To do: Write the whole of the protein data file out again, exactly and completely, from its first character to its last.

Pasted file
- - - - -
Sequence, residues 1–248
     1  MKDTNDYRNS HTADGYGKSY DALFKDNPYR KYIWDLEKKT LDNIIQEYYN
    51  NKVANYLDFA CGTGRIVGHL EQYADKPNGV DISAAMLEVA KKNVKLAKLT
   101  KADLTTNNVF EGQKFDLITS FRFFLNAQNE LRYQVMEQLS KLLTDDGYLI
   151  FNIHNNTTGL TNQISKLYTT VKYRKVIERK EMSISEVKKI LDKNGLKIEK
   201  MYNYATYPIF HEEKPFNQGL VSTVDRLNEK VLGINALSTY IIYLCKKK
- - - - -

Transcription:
Sequence, residues 1–248
     1  MKDTNDYRNS HTADGYGKSY DALFKDNPYR KYIWDLEKKT LDNIIQEYYN
    51  NKVANYLDFA CGTGRIVGHL EQYADKPNGV DISAAMLEVA KKNVKLAKLT
   101  KADLTTNNVF EGQKFDLITS FRFFLNAQNE LRYQVMEQLS KLLTDDGYLI
   151  FNIHNNTTGL TNQISKLYTT VKYRKVIERK EMSISEVKKI LDKNGLKIEK
   201  MYNYATYPIF HEEKPFNQGL VSTVDRLNEK VLGINALSTY IIYLCKKK